April 19, 2014

Washington Budget Report: May 8, 2012

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House Bills Would Help Replace ‘Automatic’ Cuts

The House Budget Committee approved legislation yesterday to block most of the automatic spending cuts scheduled to take effect next year and also passed a reconciliation bill with savings intended to help replace the cuts.

Because the Joint Select Committee on Deficit Reduction failed to reach an agreement last year, the Budget Control Act requires a sequester to automatically reduce spending by $1.2 trillion over the coming decade.   

To help replace the cuts, the House budget resolution instructed six committees (Agriculture, Energy and Commerce, Financial Services, Judiciary, Oversight and Government Reform, and Ways and Means) to produce legislation with net savings of at least $261.5 billion over ten years.  

The reconciliation bill combined the recommendations from the committees.These included proposals to cut food stamps and Medicaid, repeal portions of the Dodd-Frank Wall Street Reform and Consumer Protection Act, and require federal employees to contribute a higher portion of their salaries to their retirement pensions.

The full House is expected to consider both bills this week. However, the Senate has not passed a budget resolution including reconciliation instructions and is not expected to approve the House legislation.

The Concord Coalition has urged Congress not to abandon the automatic cuts without approving credible alternatives for deficit reduction over the coming decade.

First 2013 Appropriations Bill Heads to House Floor

After last week’s recess, the House is expected to continue work this week on the Fiscal Year 2013 appropriations bills. The first of the bills, Commerce-Justice-Science, is scheduled to be considered on the House floor this week, and House subcommittees are scheduled to consider the Defense, Military Construction-VA, Homeland Security, and State-Foreign Operations bills.

Prior to the recent congressional recess, the Senate Appropriations Committee approved the Agriculture and Energy/ Water bills.

Complicating this year’s appropriations process is the fact that the House and Senate are working from different allocations. Senate Budget Committee Chairman Kent Conrad filed allocations that comply with the $1.047 trillion discretionary spending cap in last year’s Budget Control Act (BCA), though the House Budget Resolution included an allocation that is $19 billion below the BCA agreement.

Jeffrey Zients, acting director of the Office of Management and Budget, has said that President Obama will not sign any appropriations bills until the House indicates it will “abide by last summer’s agreement,” and yesterday the administration specifically threatened to veto the House Commerce-Justice-Science bill.

Fiscal Reform Means Difficult Choices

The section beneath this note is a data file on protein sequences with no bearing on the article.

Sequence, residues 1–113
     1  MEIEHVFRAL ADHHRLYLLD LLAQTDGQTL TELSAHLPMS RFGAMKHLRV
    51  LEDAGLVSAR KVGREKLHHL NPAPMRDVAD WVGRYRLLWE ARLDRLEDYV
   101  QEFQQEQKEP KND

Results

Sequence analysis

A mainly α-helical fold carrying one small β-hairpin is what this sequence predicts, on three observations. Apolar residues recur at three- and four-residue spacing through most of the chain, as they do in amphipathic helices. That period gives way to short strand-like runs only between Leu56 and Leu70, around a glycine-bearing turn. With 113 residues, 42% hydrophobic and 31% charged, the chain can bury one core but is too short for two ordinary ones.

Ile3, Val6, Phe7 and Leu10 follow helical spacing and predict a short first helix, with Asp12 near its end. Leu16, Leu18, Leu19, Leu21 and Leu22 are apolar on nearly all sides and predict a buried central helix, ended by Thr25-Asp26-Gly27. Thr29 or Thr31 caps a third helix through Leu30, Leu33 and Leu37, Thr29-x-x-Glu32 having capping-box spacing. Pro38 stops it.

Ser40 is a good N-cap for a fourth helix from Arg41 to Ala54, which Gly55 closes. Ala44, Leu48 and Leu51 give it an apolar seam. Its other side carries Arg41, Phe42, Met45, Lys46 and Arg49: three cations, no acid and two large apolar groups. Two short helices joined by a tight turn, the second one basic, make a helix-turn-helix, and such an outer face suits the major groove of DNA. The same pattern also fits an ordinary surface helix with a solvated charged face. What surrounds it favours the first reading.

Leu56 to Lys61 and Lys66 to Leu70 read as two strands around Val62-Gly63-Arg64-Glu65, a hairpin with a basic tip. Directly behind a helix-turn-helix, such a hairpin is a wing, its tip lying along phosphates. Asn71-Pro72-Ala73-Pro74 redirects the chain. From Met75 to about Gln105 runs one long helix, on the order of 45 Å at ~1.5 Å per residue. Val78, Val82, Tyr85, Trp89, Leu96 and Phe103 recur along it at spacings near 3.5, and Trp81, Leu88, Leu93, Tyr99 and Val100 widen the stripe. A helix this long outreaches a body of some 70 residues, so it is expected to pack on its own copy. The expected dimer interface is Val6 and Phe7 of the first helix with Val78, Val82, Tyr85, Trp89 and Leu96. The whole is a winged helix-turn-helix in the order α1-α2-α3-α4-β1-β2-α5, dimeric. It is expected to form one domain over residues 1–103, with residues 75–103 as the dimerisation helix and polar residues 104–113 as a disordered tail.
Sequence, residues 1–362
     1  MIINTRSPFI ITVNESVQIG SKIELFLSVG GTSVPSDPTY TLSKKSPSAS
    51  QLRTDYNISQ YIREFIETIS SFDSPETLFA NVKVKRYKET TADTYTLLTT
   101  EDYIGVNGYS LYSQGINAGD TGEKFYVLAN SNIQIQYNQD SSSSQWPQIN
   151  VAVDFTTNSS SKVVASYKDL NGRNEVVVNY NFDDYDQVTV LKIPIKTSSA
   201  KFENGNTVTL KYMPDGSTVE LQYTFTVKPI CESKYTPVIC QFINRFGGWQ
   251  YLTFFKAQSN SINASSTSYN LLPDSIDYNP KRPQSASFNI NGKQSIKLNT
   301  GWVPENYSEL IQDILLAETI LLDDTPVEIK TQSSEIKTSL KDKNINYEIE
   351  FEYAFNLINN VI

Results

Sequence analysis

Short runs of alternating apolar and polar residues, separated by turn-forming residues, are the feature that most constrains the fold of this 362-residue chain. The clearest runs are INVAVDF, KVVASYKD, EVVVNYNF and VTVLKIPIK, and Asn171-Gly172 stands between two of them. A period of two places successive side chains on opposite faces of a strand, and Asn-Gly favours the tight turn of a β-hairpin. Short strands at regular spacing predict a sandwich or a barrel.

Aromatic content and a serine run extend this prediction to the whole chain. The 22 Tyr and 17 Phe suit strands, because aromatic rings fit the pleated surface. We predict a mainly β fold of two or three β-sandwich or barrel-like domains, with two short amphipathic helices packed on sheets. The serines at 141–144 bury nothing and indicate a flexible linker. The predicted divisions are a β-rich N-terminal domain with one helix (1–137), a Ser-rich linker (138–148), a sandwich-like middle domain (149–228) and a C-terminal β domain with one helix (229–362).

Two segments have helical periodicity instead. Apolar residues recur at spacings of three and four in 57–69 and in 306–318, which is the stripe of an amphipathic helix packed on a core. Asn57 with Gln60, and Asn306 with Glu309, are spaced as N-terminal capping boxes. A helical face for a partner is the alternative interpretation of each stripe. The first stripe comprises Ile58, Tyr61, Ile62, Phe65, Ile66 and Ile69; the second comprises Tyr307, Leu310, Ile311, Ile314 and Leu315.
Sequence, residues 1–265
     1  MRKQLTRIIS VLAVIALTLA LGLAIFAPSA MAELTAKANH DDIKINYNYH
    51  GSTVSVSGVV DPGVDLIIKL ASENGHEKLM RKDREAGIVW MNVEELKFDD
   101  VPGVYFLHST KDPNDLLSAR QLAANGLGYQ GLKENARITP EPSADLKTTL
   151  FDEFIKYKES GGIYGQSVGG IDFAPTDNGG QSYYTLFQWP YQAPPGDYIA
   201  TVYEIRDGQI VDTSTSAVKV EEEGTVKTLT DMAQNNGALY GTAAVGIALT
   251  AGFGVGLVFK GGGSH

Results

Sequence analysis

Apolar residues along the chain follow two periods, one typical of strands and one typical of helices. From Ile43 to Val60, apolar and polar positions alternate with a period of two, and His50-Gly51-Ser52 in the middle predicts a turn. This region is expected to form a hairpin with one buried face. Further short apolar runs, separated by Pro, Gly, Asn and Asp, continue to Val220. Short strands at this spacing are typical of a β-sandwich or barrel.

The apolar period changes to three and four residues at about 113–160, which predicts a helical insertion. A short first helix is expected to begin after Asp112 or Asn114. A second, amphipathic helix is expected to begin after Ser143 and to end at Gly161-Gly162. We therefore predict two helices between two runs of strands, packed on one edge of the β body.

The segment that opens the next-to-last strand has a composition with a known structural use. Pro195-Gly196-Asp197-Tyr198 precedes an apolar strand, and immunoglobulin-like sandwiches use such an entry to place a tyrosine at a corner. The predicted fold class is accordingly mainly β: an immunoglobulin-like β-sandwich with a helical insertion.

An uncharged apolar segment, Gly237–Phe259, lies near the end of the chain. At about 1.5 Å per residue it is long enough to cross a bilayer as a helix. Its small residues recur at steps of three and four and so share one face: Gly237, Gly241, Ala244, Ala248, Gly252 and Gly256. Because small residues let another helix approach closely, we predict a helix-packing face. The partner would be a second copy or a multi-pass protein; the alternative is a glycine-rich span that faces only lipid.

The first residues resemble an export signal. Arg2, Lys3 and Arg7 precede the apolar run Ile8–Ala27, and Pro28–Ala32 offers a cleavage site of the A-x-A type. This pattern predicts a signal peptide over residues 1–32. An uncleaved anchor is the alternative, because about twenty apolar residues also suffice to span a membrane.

The need for sweeping, long-term changes in the federal budget has been underscored by recent reports and other developments: A fresh warning on the unsustainable paths of entitlement programs, projections of another trillion-dollar-plus deficit this year, more unrealistic proposals in Congress and on the campaign trail.

In an op-ed last week in the San Jose Mercury News, however, Concord Coalition Executive Director Robert L. Bixby noted some positive signs as well. He again praised 38 House members from both parties, including California Democrat Rep. Jim Costa, for their support of a compromise budget plan based on the work of the bipartisan fiscal commission appointed by President Obama in 2010.

Bixby said the proposal in the House “signaled growing frustration over partisan bickering -- and reflected confidence that average Americans stand ready to support difficult but necessary decisions to put the nation on a more sustainable course.” He also lauded continuing efforts by a bipartisan group of senators known as the “Gang of Six.”

In conducting deficit-reduction exercises with voters around the country, Concord has found that Americans of all ages and backgrounds are willing to accept substantial sacrifices and trade-offs to put the country on a more sustainable path.

Concord and the Mercury News are co-hosting another such exercise Wednesday night in San Jose. The program is open to the public; see concordcoalition.org for details.

Read more with San Jose Mercury News Op-Ed on Federal Budget Reform

Perils of High Debt Include Impatient Creditors

History is filled with examples of governments that got into trouble by running up large debts, a phenomenon that is particularly appropriate to recall in early May.

That’s because Cinco de Mayo – misunderstood by many as Mexican Independence Day – is rooted in the Second Republic of Mexico’s difficulties in the early 1860s with heavy debts owed to France, Spain and Great Britain, as explained in a recent blog by David O’Donnell, The Concord Coalition’s development director.

When Mexico delayed its debt payments, the creditor nations took military action. On May 5, 1862, the badly out-numbered Mexican army pulled off an upset over French forces. But O’Donnell points out that this much-celebrated victory was short-lived: “The French regrouped and enhanced their collection methods by taking Mexico City, toppling the Mexican army and installing Maximilian I as the new leader of Mexico.”

Incurring national debt, O’Donnell notes, “does have consequences.”

Read more with A Cautionary Tale of Cinco de Mayo (That Doesn’t Involve Tequila)